Eventually, you will find that people from the group start following you or connecting with you. You’ll also discover people who are engaging in these groups who are good candidates for your freelance business. 

Finding leads through job postings & EasyApply

Here’s a somewhat sneaky way to find potential leads. Lots and lots of businesses post job ads on LinkedIn, and you can search through all of them using the same search function we explained above. 

Many of these jobs will only be suitable for traditional workers (not sole traders). But some people will list out the jobs as open to contractors, freelancers, or part-time workers. And you may review some of these listings and think, “Hey, I could do that for them!” That’s when it’s time to take action.

LinkedIn has made it very easy to apply for jobs through the platform. Many postings will feature the “EasyApply” button, which allows you to apply for a role just by clicking, uploading a copy of your resume, and hitting submit to send over your profile. 

If you don’t want to go through the trouble of applying for a job, then you can always make a connection with the person who is hosting the job post. Send them a note and let them know you saw the job posting, and that you think you could help them. If they respond, then you’ve got a new connection who could turn into a client down the track.  

Note: I am not suggesting that you apply to lots and lots of jobs on LinkedIn. As with every other method on this list, this is best used in moderation. Save this tactic for job roles that you genuinely think you could fulfill as a freelancer—otherwise, you may end up annoying and alienating the job posters.

Etiquette for making connections on LinkedIn

The strategies I’ve covered above will help you find companies and people who are good lead targets for your business. But before you start sending connection requests, take the time to prepare a thoughtful approach.

You’ll find that people who spend a lot of time on LinkedIn have some general rules they follow about sending and making connections. If you can keep these rules in mind, you’ll find a lot more people are willing to accept your connections and begin conversations with you.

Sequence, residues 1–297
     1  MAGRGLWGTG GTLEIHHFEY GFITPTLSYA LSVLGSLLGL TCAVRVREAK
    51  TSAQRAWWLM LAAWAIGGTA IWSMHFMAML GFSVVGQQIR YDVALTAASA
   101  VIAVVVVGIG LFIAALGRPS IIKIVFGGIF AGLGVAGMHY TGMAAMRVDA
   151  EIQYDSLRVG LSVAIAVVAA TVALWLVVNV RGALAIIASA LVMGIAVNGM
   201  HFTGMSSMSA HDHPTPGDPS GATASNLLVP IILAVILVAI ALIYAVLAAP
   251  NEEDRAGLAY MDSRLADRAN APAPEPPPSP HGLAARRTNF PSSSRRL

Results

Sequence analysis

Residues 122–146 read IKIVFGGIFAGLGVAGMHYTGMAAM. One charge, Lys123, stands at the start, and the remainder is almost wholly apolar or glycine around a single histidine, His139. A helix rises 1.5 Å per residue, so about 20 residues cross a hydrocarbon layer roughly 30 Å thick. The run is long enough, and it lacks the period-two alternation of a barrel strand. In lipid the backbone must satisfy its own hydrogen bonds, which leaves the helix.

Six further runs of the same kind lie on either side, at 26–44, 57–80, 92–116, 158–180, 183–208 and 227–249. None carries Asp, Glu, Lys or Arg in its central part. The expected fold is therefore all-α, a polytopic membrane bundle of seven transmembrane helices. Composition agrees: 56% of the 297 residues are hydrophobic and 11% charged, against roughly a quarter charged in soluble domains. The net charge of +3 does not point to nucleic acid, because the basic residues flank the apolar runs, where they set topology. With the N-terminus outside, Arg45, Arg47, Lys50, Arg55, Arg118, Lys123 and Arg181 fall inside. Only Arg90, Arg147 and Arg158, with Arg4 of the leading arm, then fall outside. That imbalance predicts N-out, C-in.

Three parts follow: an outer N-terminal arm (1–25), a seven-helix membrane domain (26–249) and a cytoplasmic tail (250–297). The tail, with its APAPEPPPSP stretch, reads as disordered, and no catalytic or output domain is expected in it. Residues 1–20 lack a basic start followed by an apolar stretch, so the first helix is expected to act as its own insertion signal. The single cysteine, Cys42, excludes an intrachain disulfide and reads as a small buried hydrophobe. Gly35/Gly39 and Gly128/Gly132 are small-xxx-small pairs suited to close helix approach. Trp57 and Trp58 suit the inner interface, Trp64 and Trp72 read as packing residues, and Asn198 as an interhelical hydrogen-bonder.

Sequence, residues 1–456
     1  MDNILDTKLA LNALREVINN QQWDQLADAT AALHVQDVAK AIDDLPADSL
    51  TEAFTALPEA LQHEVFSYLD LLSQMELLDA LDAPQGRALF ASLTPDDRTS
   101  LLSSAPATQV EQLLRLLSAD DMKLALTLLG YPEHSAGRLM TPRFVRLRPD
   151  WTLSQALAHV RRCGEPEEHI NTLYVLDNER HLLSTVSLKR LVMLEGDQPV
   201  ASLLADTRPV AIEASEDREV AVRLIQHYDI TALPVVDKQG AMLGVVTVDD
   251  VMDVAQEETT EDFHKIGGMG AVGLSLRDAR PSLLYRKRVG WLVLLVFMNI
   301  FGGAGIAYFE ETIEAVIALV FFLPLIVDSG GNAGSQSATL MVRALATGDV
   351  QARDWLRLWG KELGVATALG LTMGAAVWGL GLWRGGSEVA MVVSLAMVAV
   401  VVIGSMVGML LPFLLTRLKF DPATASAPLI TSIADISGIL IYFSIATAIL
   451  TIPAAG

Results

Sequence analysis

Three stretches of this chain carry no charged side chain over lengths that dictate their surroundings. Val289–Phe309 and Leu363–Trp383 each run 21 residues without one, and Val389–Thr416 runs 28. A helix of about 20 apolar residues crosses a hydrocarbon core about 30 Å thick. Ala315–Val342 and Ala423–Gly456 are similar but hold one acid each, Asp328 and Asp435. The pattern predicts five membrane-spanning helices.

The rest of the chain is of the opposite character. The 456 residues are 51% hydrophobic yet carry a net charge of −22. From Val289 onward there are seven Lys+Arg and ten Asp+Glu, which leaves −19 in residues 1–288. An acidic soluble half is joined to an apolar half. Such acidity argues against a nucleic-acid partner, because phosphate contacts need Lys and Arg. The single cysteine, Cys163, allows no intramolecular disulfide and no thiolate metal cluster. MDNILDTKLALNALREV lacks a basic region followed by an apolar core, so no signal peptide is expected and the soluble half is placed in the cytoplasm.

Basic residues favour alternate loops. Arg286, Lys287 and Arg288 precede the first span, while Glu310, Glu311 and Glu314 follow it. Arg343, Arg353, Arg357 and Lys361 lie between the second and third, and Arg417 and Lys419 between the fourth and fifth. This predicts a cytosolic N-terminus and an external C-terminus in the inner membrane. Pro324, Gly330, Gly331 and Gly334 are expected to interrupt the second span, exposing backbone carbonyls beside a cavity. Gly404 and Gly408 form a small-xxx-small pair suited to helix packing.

Know the difference between Following vs. Connecting

On LinkedIn, you’ll see two different options for interacting with other people’s profiles—”Follow” and “Connect”. There are subtle but important differences here. 

When you “Follow” someone on LinkedIn, you will start seeing their public posts and content in your feed. They will be notified that you followed them, but they won’t see your posts and content unless they follow you back. You also won’t be able to directly message them. 

The “Connect” option on LinkedIn is a little more like a “Friend” connection on Facebook. Connecting means you will both see each other’s content in your feeds, and you’ll be able to directly message each other. 

When you hover over someone’s name on LinkedIn, you’ll either see the option to connect right there, or you’ll see the “Follow'' button. Users can choose which one they want to show up as a default—people who choose “Follow” as the default often want to build up their audience, and aren’t as focused on connections. 

How to determine if someone is a worthwhile LinkedIn lead

On LinkedIn, it’s common for people to get spammy connection requests from total strangers. That’s part of why LinkedIn added the “Follow” feature—to discourage people from sending too many connection requests to individuals they don’t know. 

In fact, if you send too many in a row, or you send too many that go ignored or denied, you could be suspended or banned from the platform. 

However, you still need to connect with people outside your network if you want to use LinkedIn to find leads. But before sending a request, make sure you have a clear reason to connect (so you don’t waste time sending pointless connections). 

There are a few things to look for when vetting potential LinkedIn leads: 

Profile activity. First, establish that LinkedIn is the best place to reach this person. Look at how thoroughly they’ve filled out their profile, and how much recent activity they have. If they aren’t very active on LinkedIn, it might be better to reach them somewhere else (like email, for example). 

The right person in the company. Next, make sure that the person you are thinking of contacting is actually the right person to connect with. Does this person’s role directly relate to the services/products you offer? Or is there someone else at the company who might be a better fit, or who is more active on LinkedIn? 

Number of connections. Most people who are active on LinkedIn will have a few hundred connections, but you’ll come across people who have thousands. If that’s the case, it’s going to be hard for your message to cut through the noise—it may be better to find someone else in the company to connect with first.